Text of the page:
Representatives of the ruling Serb party in the country did not attend an urgent session of the lower house on Friday so the agenda could not be adopted since there was no quorum of representatives of the Serb-dominated part of the country.
The agenda entailed a discussion on a report on the work of Bosnia’s top judicial institution and proposals by the Europan Commission regarding Bosnia’s judiciary, which has been under fire for a while but culminated recently over allegations of corruption at the top level.
“There are things that need to be done according to a particular order following the election - which is forming the executive government and the conditions for the legislative bodies to work in their full capacity. Then there are the programmes of the Parliament and the Council of Ministers, so that Bosnia and Herzegovina and its peoples could move a step further,” House of Representatives Speaker Borjana Kristo told reporters after the session was stopped.
She said it is not up to her to say who is responsible for the government crisis in the country but that all institution suffer the consequences.
Lawmakers of the main Serb party, the Alliance of Independent Social Democrats (SNSD), and several smaller Bosnian Serb parties have previously announced that they will not accept any activities in the parliament until Bosnia forms a new government, officially in Bosnia called the Council of Ministers', following the 2018 General Election.
“If we don’t allow citizens to take things into their own hands on the street, then we need to solve their problems in the institutions, as citizens have voted in the elections, elected their representatives and ask them to work,” lawmaker and current Security Minister Dragan Mektic told reporters.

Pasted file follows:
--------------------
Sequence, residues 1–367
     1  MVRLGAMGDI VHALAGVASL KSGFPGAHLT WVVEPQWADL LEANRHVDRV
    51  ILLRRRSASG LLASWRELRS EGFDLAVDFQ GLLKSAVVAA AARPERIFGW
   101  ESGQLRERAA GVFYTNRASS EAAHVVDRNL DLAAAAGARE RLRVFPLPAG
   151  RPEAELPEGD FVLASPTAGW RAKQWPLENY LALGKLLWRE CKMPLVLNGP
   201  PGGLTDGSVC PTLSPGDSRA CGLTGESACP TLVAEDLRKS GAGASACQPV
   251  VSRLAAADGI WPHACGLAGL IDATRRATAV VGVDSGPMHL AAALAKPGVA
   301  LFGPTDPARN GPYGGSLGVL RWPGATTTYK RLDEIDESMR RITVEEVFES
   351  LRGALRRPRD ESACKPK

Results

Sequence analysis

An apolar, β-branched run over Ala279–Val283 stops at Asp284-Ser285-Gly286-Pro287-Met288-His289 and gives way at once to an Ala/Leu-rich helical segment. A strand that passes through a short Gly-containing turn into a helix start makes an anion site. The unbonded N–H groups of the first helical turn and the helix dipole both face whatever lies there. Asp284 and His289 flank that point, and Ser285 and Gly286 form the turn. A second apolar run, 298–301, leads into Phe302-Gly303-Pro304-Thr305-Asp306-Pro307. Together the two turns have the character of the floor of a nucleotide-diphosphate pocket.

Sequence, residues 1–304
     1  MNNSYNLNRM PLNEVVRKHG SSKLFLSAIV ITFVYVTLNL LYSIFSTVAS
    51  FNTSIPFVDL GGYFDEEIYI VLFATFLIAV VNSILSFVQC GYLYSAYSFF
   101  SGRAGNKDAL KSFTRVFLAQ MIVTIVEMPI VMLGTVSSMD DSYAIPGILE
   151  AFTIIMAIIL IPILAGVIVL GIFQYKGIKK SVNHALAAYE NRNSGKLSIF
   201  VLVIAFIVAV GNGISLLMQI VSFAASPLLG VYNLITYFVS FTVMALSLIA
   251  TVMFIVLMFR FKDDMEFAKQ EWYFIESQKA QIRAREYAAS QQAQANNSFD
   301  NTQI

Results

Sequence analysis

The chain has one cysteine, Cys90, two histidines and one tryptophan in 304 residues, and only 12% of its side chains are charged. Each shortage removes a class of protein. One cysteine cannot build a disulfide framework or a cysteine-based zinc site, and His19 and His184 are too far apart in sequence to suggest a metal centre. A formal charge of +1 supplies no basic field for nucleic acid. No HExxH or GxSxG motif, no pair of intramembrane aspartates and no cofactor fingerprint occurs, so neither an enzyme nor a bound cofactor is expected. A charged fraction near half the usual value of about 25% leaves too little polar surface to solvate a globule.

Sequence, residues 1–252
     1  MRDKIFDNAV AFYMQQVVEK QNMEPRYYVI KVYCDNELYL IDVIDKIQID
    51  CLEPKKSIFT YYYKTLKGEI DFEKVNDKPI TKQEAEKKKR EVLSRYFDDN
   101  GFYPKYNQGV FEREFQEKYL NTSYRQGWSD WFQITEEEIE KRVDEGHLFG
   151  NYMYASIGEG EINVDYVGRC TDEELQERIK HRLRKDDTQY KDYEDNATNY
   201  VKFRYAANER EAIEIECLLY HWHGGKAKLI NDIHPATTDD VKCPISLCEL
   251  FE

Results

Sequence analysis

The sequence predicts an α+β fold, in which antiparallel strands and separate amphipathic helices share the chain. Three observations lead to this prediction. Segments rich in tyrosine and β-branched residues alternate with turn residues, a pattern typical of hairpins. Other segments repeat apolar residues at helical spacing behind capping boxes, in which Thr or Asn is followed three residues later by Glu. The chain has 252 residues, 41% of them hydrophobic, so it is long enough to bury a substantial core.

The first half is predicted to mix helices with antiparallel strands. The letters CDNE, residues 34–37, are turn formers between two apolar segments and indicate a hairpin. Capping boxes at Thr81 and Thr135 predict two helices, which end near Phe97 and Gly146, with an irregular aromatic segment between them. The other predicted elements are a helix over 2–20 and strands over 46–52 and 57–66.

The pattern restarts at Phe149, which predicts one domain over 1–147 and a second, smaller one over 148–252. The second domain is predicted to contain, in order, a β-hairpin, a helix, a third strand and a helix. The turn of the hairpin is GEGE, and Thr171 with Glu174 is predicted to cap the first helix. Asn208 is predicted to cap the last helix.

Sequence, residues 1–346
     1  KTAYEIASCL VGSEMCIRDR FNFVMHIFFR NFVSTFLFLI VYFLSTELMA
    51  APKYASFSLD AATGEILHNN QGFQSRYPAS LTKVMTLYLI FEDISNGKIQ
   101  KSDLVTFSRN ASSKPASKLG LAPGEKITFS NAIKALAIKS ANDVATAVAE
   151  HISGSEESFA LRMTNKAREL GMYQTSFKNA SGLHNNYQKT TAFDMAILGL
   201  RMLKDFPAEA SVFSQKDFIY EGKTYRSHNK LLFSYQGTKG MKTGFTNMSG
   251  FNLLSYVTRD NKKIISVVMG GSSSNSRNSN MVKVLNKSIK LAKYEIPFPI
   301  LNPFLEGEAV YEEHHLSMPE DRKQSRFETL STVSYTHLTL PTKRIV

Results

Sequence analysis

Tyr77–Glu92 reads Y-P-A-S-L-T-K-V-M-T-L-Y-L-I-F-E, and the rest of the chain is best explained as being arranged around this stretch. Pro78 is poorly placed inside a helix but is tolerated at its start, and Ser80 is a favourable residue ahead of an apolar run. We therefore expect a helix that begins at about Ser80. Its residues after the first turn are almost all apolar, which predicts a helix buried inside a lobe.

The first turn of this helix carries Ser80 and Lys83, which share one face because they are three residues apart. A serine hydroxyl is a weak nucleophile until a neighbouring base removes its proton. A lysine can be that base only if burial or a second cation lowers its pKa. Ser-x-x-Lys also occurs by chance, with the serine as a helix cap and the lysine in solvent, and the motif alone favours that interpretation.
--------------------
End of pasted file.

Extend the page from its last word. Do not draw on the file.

People have problems that should be solved in their lives, but those were put aside while politicians are dealing with minor political self-interests, he said, adding that those who want to “boycott the parliament” will not succeed.
Mektic noted that those lawmakers boycotted the parliament for 16 months during the last mandate, but were being paid throughout that time regularly.
“That is their behaviour and their responsibility toward the citizens, and this session today was supposed to take place as there was no basis for voting on the agenda,” he added.
Mektic also reminded that the European Commission has in its recent report said that the situation in Bosnia’s judiciary is concerning, but that it is good that citizens had a chance to see who exactly does not want to discuss that issue.
But SNSD’s Stasa Kosaras said his party is not obstructing the work of the parliament, even though there were no lawmakers from the party were present.
“That is a notorious falsehood,” he said.
“It is completely clear that the adequate material was not submitted for today’s session and representatives of institutions were not present,” Kosarac insisted.